Predictors of Disinformation Acceptance During the Early Stages of a Pandemic: A Cross Sectional Study Using the Transactional Model of Stress and Coping
A global pandemic poses a community threat which requires collaboration and rapid dissemination of factual information for containment. Disinformation campaigns have been waged against the United States and are heightened during times of unrest.
Because disinformation during a pandemic limits the ability of public health professionals to provide education and resources required to produce the behaviors that contain the spread of disease, individuals who are at-risk of disinformation acceptance should be identified for interventions utilizing health behavior theories.
"Predictors of Disinformation Acceptance During the Early Stages of a Pandemic: A Cross Sectional Study Using the Transactional Model of Stress and Coping"
Our research team conducted a cross sectional study among American adults during the early stages of the pandemic. Data were collected during a single week in late March to control for the influence of the rapidly shifting media influence on knowledge, expectations, and beliefs.
The primary purpose of the study was to identify populations at-risk for disinformation acceptance as it relates to public health prevention measures to contain the pandemic.
Health Behavior Theories
This study was based on the Transactional Theory of Stress and Coping. Using this model, our team identified transactional appraisals evaluating the severity of the pandemic and the social availability of resources for coping with the pandemic. This was measured through disinformation acceptance and a coping strategies inventory. Perceived severity of a threat is a key predictor of behavior; when disinformation campaigns target health behavior constructs, communities are hindered in their capacity to address disease outbreaks, leaving those who are vulnerable to disinformation at personal risk and at risk of spreading the threat among the community.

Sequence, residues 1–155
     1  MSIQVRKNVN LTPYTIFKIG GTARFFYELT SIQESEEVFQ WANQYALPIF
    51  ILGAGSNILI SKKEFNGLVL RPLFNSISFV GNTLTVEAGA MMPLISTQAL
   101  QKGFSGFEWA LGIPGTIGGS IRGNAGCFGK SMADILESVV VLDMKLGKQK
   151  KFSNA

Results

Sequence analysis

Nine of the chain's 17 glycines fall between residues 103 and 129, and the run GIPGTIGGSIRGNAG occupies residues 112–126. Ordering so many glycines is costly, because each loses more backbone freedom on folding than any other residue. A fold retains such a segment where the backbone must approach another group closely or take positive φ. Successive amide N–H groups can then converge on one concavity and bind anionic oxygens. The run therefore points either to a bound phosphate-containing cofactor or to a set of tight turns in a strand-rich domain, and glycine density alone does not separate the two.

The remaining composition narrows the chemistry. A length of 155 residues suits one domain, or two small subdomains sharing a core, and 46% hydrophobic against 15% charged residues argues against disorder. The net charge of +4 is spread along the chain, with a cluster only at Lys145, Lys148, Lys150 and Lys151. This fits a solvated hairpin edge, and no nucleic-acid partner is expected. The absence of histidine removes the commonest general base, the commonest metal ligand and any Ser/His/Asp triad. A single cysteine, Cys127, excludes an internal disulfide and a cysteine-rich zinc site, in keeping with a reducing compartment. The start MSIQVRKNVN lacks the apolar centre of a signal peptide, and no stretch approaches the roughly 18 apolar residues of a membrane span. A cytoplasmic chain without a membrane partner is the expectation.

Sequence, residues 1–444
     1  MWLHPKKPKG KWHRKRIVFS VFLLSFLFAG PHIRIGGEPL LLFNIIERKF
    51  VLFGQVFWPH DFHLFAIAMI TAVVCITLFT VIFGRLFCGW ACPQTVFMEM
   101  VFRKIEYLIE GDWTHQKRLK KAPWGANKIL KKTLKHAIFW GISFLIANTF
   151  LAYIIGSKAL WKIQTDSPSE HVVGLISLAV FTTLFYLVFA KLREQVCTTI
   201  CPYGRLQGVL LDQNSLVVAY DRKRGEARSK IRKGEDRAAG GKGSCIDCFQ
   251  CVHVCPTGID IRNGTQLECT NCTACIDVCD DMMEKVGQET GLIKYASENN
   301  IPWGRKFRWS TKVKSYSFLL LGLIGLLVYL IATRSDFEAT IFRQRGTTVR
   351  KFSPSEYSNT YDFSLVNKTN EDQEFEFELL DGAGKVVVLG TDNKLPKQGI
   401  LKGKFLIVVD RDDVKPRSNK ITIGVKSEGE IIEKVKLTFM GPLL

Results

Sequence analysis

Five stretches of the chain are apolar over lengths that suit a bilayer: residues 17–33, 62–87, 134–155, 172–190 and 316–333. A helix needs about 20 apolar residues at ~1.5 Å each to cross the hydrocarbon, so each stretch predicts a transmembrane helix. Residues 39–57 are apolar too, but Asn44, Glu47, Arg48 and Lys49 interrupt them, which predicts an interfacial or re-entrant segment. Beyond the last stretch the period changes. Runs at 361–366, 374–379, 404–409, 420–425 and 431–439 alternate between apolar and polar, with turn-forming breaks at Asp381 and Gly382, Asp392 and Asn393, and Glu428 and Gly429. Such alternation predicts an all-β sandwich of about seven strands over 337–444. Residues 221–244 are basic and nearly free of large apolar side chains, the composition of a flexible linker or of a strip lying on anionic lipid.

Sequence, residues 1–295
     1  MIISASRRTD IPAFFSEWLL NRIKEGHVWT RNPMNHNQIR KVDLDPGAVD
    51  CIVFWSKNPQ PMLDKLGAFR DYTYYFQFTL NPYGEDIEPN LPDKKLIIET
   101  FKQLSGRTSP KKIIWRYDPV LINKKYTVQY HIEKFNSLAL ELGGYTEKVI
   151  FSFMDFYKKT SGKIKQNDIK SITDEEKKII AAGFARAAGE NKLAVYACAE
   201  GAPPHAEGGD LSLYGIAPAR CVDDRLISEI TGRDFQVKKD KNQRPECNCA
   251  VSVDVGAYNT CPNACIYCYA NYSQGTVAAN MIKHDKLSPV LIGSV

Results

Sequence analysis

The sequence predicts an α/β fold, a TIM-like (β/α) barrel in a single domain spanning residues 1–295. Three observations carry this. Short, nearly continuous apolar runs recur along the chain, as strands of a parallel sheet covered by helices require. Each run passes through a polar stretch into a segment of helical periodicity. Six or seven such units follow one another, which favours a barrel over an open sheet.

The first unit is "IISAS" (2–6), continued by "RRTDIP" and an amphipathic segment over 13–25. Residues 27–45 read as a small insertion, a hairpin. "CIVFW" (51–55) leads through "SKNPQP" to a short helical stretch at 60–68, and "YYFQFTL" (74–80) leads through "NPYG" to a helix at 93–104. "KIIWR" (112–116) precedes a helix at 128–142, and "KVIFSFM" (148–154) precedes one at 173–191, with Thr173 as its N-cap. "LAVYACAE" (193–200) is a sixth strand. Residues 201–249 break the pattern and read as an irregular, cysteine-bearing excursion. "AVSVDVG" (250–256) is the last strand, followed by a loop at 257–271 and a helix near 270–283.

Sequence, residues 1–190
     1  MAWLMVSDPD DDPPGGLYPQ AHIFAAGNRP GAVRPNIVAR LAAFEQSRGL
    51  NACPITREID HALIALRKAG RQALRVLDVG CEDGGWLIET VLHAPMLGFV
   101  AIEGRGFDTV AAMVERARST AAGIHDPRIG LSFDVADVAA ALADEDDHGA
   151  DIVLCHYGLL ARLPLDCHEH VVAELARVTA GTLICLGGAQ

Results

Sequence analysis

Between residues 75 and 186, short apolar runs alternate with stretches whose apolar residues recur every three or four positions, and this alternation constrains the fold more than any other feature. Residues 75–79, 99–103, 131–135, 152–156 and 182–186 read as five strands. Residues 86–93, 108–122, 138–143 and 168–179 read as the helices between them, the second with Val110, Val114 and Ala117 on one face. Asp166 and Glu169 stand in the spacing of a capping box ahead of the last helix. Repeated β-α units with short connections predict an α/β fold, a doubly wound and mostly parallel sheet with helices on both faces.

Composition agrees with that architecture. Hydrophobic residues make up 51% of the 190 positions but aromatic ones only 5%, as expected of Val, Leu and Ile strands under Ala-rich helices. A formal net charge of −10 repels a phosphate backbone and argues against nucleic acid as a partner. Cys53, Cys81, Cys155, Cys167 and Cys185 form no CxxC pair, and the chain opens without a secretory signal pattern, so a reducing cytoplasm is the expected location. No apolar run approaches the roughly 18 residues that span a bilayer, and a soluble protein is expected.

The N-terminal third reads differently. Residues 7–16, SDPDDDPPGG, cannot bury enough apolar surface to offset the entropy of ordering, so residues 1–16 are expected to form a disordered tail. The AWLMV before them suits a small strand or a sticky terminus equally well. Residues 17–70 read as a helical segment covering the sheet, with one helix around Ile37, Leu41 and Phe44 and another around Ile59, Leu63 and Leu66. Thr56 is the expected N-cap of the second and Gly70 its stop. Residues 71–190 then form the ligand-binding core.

Measuring Disinformation Acceptance
The study assessed five key outcomes: knowledge, prevention, belief in cures, false news acceptance, and belief in conspiracy theories. Knowledge referred to an individual's understanding of basic COVID-19 facts. Prevention referred to the individual's knowledge of handwashing, social distancing, and related measures. False cures specifically addressed vitamin C, herbal medicine, and warm water. False information referred to disinformation about the virus' symptoms, severity, and novelty. Conspiracy theories referred to the belief in nefarious origins of the virus, such as the virus is "just an excuse to create a new vaccine."
Participants qualified if they were 18 years or older and lived in the United States with English as their first language. A total of 971 individuals participated in this study. Age, educational attainment, income, geographic region, religion, and political preference were all approximately normally distributed. The sample was overwhelmingly white and female (89% and 96% respectively).
Findings: Predictors of Disinformation Acceptance
This study identified three strong predictors of disinformation acceptance. Those who use complementary and alternative medicine (i.e. those in the "natural health community") were found to be two-thirds as likely to have basic knowledge about the pandemic. They were also over 5 times more likely to believe in unsubstantiated "cures" for COVID-10, and were significantly more likely to embrace false information about the pandemic, and to believe in COVID-19 conspiracy theories, such as "the virus was intentionally released because this is an election year."
Similarly, those who identify as Republicans were approximately one-third as likely as those who identify as Democrats to have basic knowledge about the pandemic. They were also over twice as likely to embrace unsubstantiated "cures" for COVID-19 and to accept false information about the pandemic. Most worrisome, they were over 5 times as likely to embrace conspiracy theories about the origins of the pandemic.
Other at-risk groups include those who engage in denial or positive reframing as a coping method, and those who rely on spiritual practices or religion to cope. Conversely, those who use acceptance and emotional support as coping methods were significantly less likely to accept disinformation about the pandemic.
This study provides at-risk identifiers for acceptance of disinformation related to a global pandemic. Political party, spiritual or religious practices, and coping methods are all tools which may identify populations at the greatest risk of disinformation acceptance and conversely, in need of health behavior interventions.
For More Information
The study is currently in peer review.
Disclosures: This study was funded by the Franklin Health Research Foundation and was conducted by the FSIHS Research Department. The researchers who conducted this study are fully trained and certified in human participant research and do not have any conflicts of interest to declare. This study was approved by IntegReview Institutional Review Board for ethical compliance prior to patient recruitment.